Canada’s oil imports from Saudi Arabia have been increasing steadily since 2014, producing serious concerns for human rights campaigners and political talking points for the fossil lobby—but the problem traces back to business decisions at the Irving oil refinery in New Brunswick, not to pipeline delays in Alberta or political machinations in Ottawa, according to a CBC News report.
Statistics Canada trade data show imports up 66% over the last five years, growing from 5.9 to 6.4 million cubic metres and from C$2.5 to $3.54 billion between 2017 and 2018. “Although monthly imports gyrate significantly—a normal trend in the oil business, according to analysts—the long-term trend is unmistakable,” CBC states. “In January 2019, Saudi oil accounted for roughly 10% of Canadian consumption, up from about 8% in 2017.”
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For perspective, Canada produced 1.53 billion barrels of oil, or 243.7 million cubic metres, in 2017. That year, Saudi Arabia exported 2.54 billion barrels, or 403.8 million cubic metres.
CBC tracks the varied reaction to the data, with fossils predictably claiming the data boosts the case for more bitumen pipelines, and human rights groups saying Canada shouldn’t support a regime that beheads its own citizens and dismembers journalists like Jamal Khashoggi. The country’s human rights record has, “in many deeply troubling ways, deteriorated considerably in recent years,” said Amnesty International Canada Secretary General Alex Neve. “It is incumbent upon the Canadian government to ensure that business relationships do not cause or contribute to human rights violations in any country, including Saudi Arabia.”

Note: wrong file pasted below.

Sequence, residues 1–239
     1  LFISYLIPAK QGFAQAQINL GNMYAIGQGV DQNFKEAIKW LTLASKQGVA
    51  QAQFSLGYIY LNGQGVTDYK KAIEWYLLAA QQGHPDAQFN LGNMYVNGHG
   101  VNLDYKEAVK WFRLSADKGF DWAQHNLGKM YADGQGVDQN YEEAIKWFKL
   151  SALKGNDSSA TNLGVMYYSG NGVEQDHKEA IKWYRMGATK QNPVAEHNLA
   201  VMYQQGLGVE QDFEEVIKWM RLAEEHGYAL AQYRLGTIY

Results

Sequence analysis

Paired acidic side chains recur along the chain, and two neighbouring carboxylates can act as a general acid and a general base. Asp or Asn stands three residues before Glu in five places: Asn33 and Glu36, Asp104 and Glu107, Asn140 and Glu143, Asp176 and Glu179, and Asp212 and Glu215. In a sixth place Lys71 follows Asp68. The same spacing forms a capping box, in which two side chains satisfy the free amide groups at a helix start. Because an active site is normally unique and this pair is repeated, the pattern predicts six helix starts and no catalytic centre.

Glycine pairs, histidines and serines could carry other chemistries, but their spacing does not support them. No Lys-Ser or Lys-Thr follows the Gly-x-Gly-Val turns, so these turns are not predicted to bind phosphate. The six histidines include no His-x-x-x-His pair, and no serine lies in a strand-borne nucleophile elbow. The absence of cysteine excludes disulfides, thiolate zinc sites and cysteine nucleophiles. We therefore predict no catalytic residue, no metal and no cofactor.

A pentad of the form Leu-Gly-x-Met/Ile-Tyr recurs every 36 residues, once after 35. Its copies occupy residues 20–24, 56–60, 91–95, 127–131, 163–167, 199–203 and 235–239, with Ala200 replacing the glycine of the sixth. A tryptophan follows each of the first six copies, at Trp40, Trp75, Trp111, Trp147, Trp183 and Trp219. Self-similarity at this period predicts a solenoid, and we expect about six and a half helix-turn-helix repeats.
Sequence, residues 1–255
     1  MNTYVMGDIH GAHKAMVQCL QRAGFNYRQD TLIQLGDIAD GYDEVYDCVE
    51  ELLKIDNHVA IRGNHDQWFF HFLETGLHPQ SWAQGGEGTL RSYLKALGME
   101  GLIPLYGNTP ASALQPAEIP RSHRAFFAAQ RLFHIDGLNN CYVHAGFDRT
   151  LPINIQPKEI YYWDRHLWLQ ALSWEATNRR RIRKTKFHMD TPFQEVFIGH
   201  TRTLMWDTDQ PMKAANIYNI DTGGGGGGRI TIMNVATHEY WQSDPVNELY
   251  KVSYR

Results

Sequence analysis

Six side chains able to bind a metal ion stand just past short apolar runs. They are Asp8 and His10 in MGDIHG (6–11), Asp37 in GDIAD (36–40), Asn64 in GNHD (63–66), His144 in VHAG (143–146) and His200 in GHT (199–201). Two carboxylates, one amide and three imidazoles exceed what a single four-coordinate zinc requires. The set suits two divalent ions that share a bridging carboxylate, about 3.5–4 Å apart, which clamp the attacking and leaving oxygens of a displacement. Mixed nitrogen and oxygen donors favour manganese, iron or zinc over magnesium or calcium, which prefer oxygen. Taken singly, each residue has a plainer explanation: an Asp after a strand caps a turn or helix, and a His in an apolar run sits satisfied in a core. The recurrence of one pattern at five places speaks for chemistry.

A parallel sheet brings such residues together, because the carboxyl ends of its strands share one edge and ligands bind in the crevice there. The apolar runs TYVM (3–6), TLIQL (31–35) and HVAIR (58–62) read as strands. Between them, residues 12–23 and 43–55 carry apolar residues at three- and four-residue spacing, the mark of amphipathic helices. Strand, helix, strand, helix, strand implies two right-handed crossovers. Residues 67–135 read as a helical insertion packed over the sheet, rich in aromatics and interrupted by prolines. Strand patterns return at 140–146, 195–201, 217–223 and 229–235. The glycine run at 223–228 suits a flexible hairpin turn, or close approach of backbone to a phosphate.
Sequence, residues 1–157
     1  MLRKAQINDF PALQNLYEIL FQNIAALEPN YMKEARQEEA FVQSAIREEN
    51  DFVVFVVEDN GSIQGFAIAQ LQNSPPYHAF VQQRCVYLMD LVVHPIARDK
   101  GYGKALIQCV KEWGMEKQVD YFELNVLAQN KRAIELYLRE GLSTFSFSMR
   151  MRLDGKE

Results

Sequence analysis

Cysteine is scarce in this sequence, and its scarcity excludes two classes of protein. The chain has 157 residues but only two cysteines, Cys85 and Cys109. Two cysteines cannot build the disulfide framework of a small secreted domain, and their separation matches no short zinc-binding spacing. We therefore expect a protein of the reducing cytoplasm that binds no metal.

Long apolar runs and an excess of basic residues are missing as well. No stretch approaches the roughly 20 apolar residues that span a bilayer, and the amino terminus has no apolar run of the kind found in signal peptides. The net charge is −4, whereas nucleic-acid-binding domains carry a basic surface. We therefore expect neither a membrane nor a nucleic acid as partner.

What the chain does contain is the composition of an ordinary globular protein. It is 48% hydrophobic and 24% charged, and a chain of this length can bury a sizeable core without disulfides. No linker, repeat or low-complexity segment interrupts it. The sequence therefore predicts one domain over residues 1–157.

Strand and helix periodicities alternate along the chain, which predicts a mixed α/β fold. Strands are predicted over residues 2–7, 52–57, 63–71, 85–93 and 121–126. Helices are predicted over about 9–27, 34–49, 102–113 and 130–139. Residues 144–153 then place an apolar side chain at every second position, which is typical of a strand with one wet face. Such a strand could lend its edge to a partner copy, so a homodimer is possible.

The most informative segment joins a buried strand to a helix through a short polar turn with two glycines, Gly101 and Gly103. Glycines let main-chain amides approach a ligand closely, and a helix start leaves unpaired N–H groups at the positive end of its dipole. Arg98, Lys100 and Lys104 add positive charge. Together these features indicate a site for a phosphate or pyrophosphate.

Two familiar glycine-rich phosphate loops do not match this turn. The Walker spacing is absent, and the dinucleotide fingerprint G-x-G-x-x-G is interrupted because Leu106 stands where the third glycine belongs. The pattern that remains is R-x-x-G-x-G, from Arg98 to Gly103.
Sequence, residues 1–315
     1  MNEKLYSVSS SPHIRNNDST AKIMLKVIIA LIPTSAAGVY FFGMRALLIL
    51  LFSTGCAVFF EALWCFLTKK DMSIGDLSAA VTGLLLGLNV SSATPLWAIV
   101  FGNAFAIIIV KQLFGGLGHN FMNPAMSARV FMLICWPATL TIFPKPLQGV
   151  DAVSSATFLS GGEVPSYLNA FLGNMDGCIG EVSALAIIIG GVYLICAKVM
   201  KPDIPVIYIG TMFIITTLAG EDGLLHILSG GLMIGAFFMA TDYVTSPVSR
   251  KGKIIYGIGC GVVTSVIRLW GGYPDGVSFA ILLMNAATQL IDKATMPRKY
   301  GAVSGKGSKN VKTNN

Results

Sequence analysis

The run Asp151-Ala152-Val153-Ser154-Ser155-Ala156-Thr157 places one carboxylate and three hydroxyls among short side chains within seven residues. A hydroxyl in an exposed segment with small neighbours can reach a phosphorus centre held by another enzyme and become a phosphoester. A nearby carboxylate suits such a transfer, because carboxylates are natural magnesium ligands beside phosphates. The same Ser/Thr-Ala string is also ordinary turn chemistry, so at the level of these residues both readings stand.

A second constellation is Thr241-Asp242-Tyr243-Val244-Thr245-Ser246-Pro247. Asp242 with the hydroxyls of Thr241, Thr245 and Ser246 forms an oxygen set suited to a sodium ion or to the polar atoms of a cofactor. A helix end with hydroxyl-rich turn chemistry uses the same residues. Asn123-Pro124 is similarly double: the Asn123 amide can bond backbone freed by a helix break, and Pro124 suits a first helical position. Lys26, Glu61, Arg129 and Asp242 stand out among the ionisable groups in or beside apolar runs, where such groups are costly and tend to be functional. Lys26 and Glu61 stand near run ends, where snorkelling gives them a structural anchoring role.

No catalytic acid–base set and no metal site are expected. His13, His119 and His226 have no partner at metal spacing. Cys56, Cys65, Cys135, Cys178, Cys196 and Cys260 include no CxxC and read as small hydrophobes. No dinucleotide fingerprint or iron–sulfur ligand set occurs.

But environmental groups “say more pipelines won’t actually cut dependency on Saudi Arabia, as Western Canadian oil can’t be easily processed in eastern refineries, and investing in green energy is the best way to reduce dependency on autocratic, oil-rich states,” CBC reports.
Business analysts agree the volume of incoming Saudi crude is driven by refiners’ decisions to acquire the grade of oil they need at the best possible price—not by national policy or oilpatch politics.
“Oil is the most freely traded commodity in the world,” said energy specialist Jim Krane, from the Baker Institute for Public Policy at Rice University in Texas. “For a Canadian refiner, it’s an economic or a chemical question, not a diplomatic question. They aren’t buying it based on the relationship between Ottawa and Riyadh or human rights violations in Saudi Arabia.”
That didn’t stop Mark Pinney, manager of markets and transportation at the Canadian Association of Petroleum Producers, from trying to focus the story on market access. “Right now, our pipeline network is fairly extensive, but it doesn’t extend to the East Coast,” he told CBC. “There are some refineries Canadian producers are not easily able to reach,” making new pipeline capacity “the answer to a lot of things.”
But Irving Oil, which declined to comment for CBC’s story, “have been clear that they would not sign binding contracts to take the oilsands oil,” said Environmental Defence Executive Director Tim Gray. In 2016, Irving Oil President Ian Whitcomb threw his support behind TransCanada’s proposed Energy East pipeline but made it clear that the refinery’s Saudi imports, which date back to 1960, “are compelling because of the low cost of transportation on large tankers,” the Financial Post reported at the time.“We will add Western Canadian crude to our portfolio as the economics dictate, but probably not at the expense of our Saudi barrels,” Whitcomb said. (h/t to energy analyst and Energy Mix Productions Board member Shelley Kath for pointing us to the Ian Whitcomb quote.)
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